Folks like you would demand moronic laws in the name of "think of our children" but when it comes to actually making their future a little better, folks like you don't actually give a shit about your children and your grand-children. After all, YOU are not benefiting immediately. Right?

Re:never ever ever (1, Insightful)

bmo (77928) | more than 3 years ago | (#36316854)

I need... mod... points.

Mod this up, guys.

>Folks like you would demand moronic laws in the name of "think of our children" but when it comes to actually making their future a little better, folks like you don't actually give a shit about your children and your grand-children. After all, YOU are not benefiting immediately. Right?

That is exactly what it's all about. It's the driving force behind the tea party. It's what's behind all the "hurr, that's socialism" bullshit. It's the "I've got mine, fuck you" niggardly attitude where anything that benefits everyone in the long run is somehow socialist because spending a dime today on it is immoral according to the church of Mammon and Ayn Rand, the prophet PBUH.

These are the same people who ridiculed the word "Hope" in the Obama campaign.

It's on my fucking state flag. I have not enough middle fingers for such folks.

*spit*

--
BMO

Re:never ever ever (1)

Anarchduke (1551707) | more than 3 years ago | (#36317006)

I voted for Obama, and even I rolled my eyes at the "Hope" and "Change" They were more or less just words used to propel the campaign forward. Its no different than when whoever the Republican candidate for President in 2012 shows up and uses the "Family Values" and "Make America Strong" slogans. They don't actually say anything. Any Republican coming after a Democrat is going to "Change" things. The same is true for any Democrat following a Republican.

Re:never ever ever (1)

bmo (77928) | more than 3 years ago | (#36317042)

What made me angry was the sneering way "Hope" was denigrated.

As if it's something worthless. It's not.

The treatment the word got at the hands of people like Sarah Palin disturbed me.

Sure, it was used as a slogan. It's not a bad slogan to have, though. Like I said, the slogan is on my flag. It's there for a reason. Hope means that tomorrow can be a better day than today. It might not be, but it can.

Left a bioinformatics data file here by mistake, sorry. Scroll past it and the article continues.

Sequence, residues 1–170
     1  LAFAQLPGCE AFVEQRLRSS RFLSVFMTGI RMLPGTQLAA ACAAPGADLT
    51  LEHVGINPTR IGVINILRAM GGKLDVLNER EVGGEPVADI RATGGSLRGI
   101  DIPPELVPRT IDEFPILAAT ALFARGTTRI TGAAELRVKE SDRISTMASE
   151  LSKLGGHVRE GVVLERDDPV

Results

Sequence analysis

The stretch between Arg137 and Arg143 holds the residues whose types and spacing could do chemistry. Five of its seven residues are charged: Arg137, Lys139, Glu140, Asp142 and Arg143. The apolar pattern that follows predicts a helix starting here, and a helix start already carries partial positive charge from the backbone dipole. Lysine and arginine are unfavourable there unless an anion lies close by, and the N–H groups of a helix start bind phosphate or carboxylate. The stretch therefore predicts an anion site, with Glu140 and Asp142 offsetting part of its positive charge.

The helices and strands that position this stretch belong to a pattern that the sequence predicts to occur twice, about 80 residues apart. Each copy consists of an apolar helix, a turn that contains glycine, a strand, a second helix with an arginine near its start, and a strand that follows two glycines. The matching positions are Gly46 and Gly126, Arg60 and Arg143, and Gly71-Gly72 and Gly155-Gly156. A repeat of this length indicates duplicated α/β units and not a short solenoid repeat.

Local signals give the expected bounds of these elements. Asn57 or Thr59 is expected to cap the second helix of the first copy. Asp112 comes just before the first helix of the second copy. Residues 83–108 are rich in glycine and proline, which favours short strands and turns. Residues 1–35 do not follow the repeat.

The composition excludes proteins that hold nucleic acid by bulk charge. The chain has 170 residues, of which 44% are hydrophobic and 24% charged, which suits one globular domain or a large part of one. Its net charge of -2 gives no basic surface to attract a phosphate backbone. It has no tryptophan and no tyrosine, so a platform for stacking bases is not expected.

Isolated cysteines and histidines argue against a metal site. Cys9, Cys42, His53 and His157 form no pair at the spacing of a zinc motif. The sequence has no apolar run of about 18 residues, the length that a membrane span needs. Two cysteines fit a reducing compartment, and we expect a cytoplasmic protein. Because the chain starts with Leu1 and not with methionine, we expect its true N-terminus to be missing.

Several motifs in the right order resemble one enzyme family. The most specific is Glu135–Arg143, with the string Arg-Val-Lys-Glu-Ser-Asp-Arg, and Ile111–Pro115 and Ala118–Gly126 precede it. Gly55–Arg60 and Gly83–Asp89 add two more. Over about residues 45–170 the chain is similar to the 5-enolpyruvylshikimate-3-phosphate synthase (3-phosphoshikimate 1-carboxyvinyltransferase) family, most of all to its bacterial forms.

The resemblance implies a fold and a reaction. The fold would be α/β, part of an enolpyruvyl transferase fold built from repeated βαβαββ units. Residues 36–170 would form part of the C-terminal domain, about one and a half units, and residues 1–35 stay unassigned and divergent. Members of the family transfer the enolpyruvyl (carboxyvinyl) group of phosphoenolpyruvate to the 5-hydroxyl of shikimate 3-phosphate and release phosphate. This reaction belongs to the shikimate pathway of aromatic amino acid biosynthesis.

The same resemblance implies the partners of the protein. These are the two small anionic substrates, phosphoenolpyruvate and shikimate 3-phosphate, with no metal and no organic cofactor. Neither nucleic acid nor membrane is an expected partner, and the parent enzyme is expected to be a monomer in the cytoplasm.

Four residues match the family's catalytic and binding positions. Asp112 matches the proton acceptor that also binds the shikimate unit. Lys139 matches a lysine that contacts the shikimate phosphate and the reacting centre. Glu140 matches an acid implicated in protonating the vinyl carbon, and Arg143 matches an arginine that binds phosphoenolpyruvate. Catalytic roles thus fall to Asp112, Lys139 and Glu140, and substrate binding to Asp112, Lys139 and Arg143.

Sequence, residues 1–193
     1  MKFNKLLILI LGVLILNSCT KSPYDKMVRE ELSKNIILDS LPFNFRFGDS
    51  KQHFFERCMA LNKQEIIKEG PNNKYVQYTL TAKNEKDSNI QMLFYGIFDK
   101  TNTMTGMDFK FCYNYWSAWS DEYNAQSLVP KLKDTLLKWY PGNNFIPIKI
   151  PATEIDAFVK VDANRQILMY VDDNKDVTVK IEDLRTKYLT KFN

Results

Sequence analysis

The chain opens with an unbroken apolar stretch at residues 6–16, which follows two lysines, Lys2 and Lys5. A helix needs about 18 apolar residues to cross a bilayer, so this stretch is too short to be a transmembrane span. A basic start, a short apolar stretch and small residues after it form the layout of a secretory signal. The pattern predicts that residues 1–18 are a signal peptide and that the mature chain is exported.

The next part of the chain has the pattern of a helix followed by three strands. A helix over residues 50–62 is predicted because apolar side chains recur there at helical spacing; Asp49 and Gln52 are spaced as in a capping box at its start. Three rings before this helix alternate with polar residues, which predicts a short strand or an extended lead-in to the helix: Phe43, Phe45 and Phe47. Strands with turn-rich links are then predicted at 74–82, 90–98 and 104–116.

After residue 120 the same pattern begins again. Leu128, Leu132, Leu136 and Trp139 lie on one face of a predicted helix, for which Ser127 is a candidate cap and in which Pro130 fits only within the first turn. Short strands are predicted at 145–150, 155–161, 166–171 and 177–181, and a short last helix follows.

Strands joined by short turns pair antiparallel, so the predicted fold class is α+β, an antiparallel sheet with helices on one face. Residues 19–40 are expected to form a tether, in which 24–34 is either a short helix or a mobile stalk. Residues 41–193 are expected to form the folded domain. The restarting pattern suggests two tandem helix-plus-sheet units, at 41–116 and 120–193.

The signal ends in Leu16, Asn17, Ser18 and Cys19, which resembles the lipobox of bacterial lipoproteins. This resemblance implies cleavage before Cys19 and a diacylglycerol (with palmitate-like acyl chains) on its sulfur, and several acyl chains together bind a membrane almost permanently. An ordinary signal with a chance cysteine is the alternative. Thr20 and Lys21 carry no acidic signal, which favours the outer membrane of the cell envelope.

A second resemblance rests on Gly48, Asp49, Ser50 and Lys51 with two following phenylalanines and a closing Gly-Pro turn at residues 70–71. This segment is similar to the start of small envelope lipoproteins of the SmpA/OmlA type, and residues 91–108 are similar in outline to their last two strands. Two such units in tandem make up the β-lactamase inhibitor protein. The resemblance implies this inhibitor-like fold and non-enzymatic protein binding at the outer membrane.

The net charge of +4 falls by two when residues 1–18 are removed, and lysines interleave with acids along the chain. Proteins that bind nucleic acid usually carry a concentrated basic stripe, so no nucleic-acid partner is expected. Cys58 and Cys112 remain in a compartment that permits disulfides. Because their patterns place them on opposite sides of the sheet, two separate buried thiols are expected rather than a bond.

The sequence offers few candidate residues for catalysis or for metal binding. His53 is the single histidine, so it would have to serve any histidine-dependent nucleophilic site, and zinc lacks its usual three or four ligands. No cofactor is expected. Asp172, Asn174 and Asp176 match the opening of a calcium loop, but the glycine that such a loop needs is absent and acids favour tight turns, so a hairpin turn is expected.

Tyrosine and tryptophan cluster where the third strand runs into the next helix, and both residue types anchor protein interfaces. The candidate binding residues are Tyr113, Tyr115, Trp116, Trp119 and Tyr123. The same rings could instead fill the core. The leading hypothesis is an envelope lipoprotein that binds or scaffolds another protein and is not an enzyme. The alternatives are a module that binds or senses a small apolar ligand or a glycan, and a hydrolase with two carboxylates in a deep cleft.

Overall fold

Hope.... is a bad thing? Hope is to be sneered at? Hope is to be torn up and discarded? Hope is to be perverted and used as a weapon? I dunno man, but down that path lies evil.

--
BMO

Re:never ever ever (0)

Anonymous Coward | more than 3 years ago | (#36317928)

What made me angry was the sneering way "Hope" was denigrated.

As if it's something worthless. It's not.

The treatment the word got at the hands of people like Sarah Palin disturbed me.

Sure, it was used as a slogan. It's not a bad slogan to have, though. Like I said, the slogan is on my flag. It's there for a reason. Hope means that tomorrow can be a better day than today. It might not be, but it can.

Hope.... is a bad thing? Hope is to be sneered at? Hope is to be torn up and discarded? Hope is to be perverted and used as a weapon? I dunno man, but down that path lies evil.

-- BMO

Hope as an ideal is great. Hope is not a strategy. The difference between ideals and strategy, the difference between inspiration and force -- these are the reasons that the current dictator is doomed to fail.

Re:never ever ever (1)

AmiMoJo (196126) | more than 3 years ago | (#36317466)

The US went from its first human space flight to putting a man on the moon in a decade. If the will to do something is there we can do it, and these days it will be a hell of a lot cheaper too.

JAXA and the ESA both seem interested, so fingers crossed...

Re:never ever ever (1)

Arlet (29997) | more than 3 years ago | (#36317698)

and these days it will be a hell of a lot cheaper too.

On the contrary, it will be 10 times more expensive, as it will turn into the greatest pork barrel project ever.

Re:never ever ever (0)

Anonymous Coward | more than 3 years ago | (#36317002)

Why would it need to be dragged back to Earth? Why not use the gases as a fuel stop for vehicles leaving the solar system or build an automated mining facility that converts those gases into energy that could be beamed back to Earth via lasers or microwaves?

Aside from that, this guy doesn't sound like he knows too much about the planets. The biggest problem with hitting up Jupiter is its large and powerful magnetosphere. Very high levels of radiation would pose a bigger problem than just its gravity. Saturn should be no problem since the rings are so thin that you would have to purposely fly into them to cause an accident.

Re:never ever ever (0)

Anonymous Coward | more than 3 years ago | (#36317386)